The Windup Girl

Paolo Bacigalupi’s The Windup Girl is definitely not an easy read. He thrusts readers off their feet into a futuristic world based in Thailand in the 23rd century. He doesn’t really prepare readers for the story he shares in the sense that his world comes with many new technologies and terms that aren’t necessarily easy to understand or comprehend. He doesn’t really do a good job in explaining all of these imaginative elements and it seems like you’re just expected to know exactly what he’s talking about as if we already know all about Bacigalupi’s made up futuristic society. I do applaud Bacigalupi for his creativity, but overall I feel that a majority of the components of this world, along with the heavy plot lines and plethora of diverse characters, are just simply overwhelming and confusing. It is without a doubt, extremely easy to get totally lost in this novel.

Paolo Bacigalupi presents a world in his novel The Windup Girl ultimately impoverished due to climate change and the future society is left without fossil fuels and other sources of cheap energy. In this time, genetic modification is something far too common. GMO’s are something I have looked into immensely. Personally, they really freak me out considering we truly have no idea what the long term effects are. I believe Monsanto to be a power tripping monster of a company, similar to the mega-corporations present in Bacigalupi’s society. Aarthi Vadde draws upon this point when describing The Windup Girl in her own reviews. “The Windup Girl is about climate change and the geopolitical maneuvering that takes place to secure resources—in this case seeds—in a world where fossil fuels, cheap energy, and food abundance no longer exist. Its other protagonist is Anderson Lake, an American “calorie man” looking to open markets in Thailand, a country that has survived the global food shortage and mass extinction of plant species by refusing to import genetically modified, sterile seeds from Lake’s Monsanto-like employer AgriGen” (Vadde). In this society however, it goes past just genetically modifying crops. They take it as far as animals and people. The treatment of these genetically modified organisms is utterly horrific. Companies use the “megadonts” which are beast-like elephant creatures to run the factories under terrible conditions and severe abuse. Whereas, “New People” such as the character Emiko are treated like lesser beings. “Emiko, a genetically engineered geisha-type being invented in Japan and abandoned by her owner in Bangkok, where she becomes a slave in a sadistic sex club. Spliced together from human and possible Labrador genes, Emiko is faster and stronger than human beings, but is programmed to serve. She is also designed with incredibly small pores, which make beauty her fatal flaw. If she tries to run, fight, or generally get out of line, she risks overheating to death” (Vadde). Being that this book is read from different perspectives from different characters, I found Emiko’s adventure and story of survival to be the most interesting to read by far.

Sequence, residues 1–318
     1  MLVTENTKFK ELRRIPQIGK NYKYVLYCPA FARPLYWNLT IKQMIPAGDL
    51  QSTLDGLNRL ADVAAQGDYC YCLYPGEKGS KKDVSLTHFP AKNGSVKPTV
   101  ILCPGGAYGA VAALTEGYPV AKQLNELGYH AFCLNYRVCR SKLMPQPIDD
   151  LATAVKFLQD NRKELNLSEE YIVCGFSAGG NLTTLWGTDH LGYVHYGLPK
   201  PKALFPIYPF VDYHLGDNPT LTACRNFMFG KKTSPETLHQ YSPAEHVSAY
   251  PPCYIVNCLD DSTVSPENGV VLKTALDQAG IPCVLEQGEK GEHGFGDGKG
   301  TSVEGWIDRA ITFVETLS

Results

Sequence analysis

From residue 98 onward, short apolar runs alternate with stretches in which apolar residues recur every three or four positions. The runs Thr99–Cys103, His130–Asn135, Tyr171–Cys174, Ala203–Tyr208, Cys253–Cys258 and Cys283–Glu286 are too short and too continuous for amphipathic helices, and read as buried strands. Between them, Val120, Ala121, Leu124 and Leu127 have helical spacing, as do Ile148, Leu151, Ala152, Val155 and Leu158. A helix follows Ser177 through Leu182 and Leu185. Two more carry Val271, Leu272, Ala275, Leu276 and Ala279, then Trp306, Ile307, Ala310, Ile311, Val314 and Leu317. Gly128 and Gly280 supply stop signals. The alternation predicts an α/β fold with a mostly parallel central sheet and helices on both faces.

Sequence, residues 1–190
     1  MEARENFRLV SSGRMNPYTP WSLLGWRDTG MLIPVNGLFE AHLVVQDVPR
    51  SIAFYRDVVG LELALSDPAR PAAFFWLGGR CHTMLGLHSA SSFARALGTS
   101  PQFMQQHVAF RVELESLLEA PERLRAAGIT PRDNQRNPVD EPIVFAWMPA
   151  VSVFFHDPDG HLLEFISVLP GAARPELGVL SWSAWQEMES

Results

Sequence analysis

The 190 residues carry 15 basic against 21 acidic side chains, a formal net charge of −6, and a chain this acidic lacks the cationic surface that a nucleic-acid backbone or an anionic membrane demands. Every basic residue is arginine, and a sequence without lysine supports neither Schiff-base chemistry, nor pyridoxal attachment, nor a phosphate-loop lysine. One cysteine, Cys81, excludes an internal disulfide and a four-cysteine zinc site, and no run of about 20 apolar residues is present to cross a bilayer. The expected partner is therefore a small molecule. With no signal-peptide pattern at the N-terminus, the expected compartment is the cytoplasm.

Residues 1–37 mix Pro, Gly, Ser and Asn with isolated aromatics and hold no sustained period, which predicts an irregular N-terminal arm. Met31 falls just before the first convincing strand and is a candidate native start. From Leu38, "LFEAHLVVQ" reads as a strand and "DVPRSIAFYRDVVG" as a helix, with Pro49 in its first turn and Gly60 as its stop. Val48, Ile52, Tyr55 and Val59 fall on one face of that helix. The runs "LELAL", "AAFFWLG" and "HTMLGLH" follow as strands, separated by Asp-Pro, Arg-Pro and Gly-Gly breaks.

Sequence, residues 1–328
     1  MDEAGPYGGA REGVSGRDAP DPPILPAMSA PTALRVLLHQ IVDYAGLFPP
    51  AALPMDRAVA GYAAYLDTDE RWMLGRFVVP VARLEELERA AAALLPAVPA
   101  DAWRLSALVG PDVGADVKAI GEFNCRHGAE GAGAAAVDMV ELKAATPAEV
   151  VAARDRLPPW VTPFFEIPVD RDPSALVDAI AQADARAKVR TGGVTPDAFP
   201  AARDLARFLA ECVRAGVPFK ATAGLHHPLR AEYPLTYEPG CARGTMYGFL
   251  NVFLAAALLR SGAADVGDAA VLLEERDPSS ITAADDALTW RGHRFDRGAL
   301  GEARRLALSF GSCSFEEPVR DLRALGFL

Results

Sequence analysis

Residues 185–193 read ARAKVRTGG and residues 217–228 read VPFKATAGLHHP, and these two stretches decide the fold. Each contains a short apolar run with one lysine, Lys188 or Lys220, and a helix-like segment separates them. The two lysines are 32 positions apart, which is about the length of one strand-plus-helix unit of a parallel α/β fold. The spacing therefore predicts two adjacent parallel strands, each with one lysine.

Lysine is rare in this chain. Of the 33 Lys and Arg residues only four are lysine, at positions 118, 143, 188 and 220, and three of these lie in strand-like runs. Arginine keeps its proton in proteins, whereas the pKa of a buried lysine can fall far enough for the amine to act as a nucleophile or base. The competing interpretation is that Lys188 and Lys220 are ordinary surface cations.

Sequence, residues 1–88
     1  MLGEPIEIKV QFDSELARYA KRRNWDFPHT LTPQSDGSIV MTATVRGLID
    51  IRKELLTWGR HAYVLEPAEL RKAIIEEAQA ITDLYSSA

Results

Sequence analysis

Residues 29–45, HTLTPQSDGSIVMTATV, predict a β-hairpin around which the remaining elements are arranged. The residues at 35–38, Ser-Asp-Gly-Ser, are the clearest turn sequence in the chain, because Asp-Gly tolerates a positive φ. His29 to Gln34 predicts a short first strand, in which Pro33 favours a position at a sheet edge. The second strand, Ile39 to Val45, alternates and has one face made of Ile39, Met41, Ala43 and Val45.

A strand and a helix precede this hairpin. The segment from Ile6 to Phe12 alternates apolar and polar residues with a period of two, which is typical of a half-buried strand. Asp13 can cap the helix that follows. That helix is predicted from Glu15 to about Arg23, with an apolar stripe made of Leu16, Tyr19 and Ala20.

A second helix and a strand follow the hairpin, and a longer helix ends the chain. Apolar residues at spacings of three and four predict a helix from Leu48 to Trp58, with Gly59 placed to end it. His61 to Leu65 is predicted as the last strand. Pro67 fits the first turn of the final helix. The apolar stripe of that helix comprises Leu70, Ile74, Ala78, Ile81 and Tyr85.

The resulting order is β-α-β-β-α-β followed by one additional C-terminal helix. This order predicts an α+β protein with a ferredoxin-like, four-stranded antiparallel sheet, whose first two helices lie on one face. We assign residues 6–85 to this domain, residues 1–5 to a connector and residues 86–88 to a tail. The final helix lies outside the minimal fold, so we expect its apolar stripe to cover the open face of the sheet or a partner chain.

I would say that this book could ultimately serve as a warning of the immense power science truly has when it comes to GMOs. In this story they do in fact cause deadly epidemics such as plagues and disease. However, Emiko is promised  that genetic modification will be used in order to create a new race of “new people” so she can live with more people like her. This ultimately leads me to believe that GMOs could be a good thing for society when left in the right hands and under strict regulation, because if they are not things could completely turn for the worse and get out of control.

 Works Cited

Vadde, Aarthi. “Megalopolis Now.” Public Books. N.p., 6 Aug. 2013. Web. 1 Apr. 2015.

Leave a Reply

Your email address will not be published. Required fields are marked *